Learn how to play with each hand individually. 4. Work On Your Finger Independence

Another important component of increasing your playing speed is learning finger independence through your piano finger exercises. And once again, working with scales will help your fingers to work independently from one another.

Start your practice session by laying your hands on the keys, with your right thumb on middle C. Then try to play the scale with your right hand while holding down three notes of your choice with your left hand.

After you have completed several of these scales, switch to playing the scales with your left hand while holding down three notes with your right hand.

Practicing your scales and arpeggios on a regular basis will not only increase your speed and improve your technique, but it will also improve your musicality. So, as boring as it may be, it’s crucial for mastering your skills and playing speed.

5. Play Alternating Rhythms

A simple piano finger exercise that will help improve your speed is alternating between the rhythms. This type of exercise has an excellent track record in providing great results. For example, when you are playing a piece that has an Alberti bass pattern with even eighth notes, you can change the rhythmic values to a variation of dotted eighth and sixteenth notes. 

The truth is, this is where the fun part comes in. Play around and see what interesting rhythms you can come up with. And let us not forget one of the greatest assets a piano player can have is your metronome. 

Piano practice.Whether you’re practicing scales or a new song, let your metronome be your guide. Select the appropriate time you want to play and listen. But don’t attempt to play the first time round. Just listen.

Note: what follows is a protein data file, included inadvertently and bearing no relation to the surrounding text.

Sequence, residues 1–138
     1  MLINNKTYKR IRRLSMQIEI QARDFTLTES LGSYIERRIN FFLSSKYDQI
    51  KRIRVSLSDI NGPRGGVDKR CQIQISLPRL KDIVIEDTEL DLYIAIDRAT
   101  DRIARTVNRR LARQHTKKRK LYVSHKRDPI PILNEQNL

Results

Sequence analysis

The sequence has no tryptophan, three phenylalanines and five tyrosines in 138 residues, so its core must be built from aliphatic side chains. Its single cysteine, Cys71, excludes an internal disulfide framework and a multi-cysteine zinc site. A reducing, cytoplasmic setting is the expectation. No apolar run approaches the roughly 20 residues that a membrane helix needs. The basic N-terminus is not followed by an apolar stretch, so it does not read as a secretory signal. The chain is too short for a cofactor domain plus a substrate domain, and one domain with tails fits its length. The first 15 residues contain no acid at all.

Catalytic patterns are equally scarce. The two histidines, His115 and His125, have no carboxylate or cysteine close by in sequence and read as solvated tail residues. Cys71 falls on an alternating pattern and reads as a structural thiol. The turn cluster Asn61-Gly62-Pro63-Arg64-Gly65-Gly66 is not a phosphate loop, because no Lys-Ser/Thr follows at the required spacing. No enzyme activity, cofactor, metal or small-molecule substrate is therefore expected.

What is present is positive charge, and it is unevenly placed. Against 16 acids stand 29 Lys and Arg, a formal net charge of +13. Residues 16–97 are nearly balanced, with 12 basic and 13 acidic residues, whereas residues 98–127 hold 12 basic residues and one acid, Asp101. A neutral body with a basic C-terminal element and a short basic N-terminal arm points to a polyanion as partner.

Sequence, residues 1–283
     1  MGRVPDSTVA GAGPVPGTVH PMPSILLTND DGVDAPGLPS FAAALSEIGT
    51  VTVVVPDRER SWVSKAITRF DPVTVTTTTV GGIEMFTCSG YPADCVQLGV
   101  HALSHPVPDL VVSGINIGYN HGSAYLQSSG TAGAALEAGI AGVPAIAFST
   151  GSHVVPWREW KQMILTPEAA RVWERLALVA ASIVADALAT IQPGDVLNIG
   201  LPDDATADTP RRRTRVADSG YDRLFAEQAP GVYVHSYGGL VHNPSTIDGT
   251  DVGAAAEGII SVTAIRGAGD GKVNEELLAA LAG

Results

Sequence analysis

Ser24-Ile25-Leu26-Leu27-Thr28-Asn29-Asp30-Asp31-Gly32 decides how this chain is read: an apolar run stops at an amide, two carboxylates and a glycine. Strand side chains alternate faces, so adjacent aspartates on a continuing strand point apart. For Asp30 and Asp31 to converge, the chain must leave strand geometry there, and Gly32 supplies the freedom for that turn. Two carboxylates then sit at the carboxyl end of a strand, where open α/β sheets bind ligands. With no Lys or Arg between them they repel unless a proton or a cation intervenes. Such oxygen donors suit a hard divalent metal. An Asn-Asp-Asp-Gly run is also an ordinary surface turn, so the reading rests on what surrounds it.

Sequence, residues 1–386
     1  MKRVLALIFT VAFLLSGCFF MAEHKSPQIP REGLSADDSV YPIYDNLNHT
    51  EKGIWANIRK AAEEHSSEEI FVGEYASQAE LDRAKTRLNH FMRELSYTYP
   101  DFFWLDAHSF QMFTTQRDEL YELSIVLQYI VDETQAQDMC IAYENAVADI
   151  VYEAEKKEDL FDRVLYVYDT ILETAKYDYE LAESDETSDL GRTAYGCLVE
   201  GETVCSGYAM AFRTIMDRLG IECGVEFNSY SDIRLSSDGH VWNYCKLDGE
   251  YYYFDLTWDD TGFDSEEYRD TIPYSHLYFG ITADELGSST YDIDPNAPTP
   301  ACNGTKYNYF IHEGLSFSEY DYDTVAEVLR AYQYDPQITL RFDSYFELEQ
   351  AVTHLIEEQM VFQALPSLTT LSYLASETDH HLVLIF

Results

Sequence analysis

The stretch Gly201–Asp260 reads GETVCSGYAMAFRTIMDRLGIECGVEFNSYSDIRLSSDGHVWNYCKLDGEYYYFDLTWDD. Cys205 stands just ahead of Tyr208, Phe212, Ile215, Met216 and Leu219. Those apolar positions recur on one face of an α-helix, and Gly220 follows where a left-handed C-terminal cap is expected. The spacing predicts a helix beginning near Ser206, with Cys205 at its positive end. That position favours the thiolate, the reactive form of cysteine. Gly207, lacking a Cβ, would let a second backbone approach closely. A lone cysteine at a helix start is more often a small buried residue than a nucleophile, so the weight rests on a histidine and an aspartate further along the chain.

Should the song or exercise require a faster beat, set the metronome to a slower speed in the beginning. Once you can play comfortably at that speed, gradually increase the metronome’s speed until you can play with confidence using the correct timing.

The Key To Increasing Your Speed

The key to speed is starting slow. In order for you to play anything at a fast tempo, you need to know the exercise or song that you’re playing like the back of your hand. It’s important to master the piece before attempting to play it fast. 

If you learn the music at a fast tempo, you risk practicing your mistakes and the results will leave you feeling discouraged. In this case, practice doesn’t make perfect, but perfect practice does.


About the Author: Julie Adams

I am a mom, a music lover and teacher from Tampa, FL. After completing a Bachelor of Music in Performance Arts, I traveled for several years before returning home where I started offering private piano and singing lessons as extra income. I met my husband in 2009 and 2 years later moved to Dallas where we settled down and I started focusing on vocal training to aspiring singers and performance artists of all age groups. I still enjoy playing the piano very much, and in my spare time you will catch doing some horse riding, drawing, doing some light reading, or just spending quality time with my family.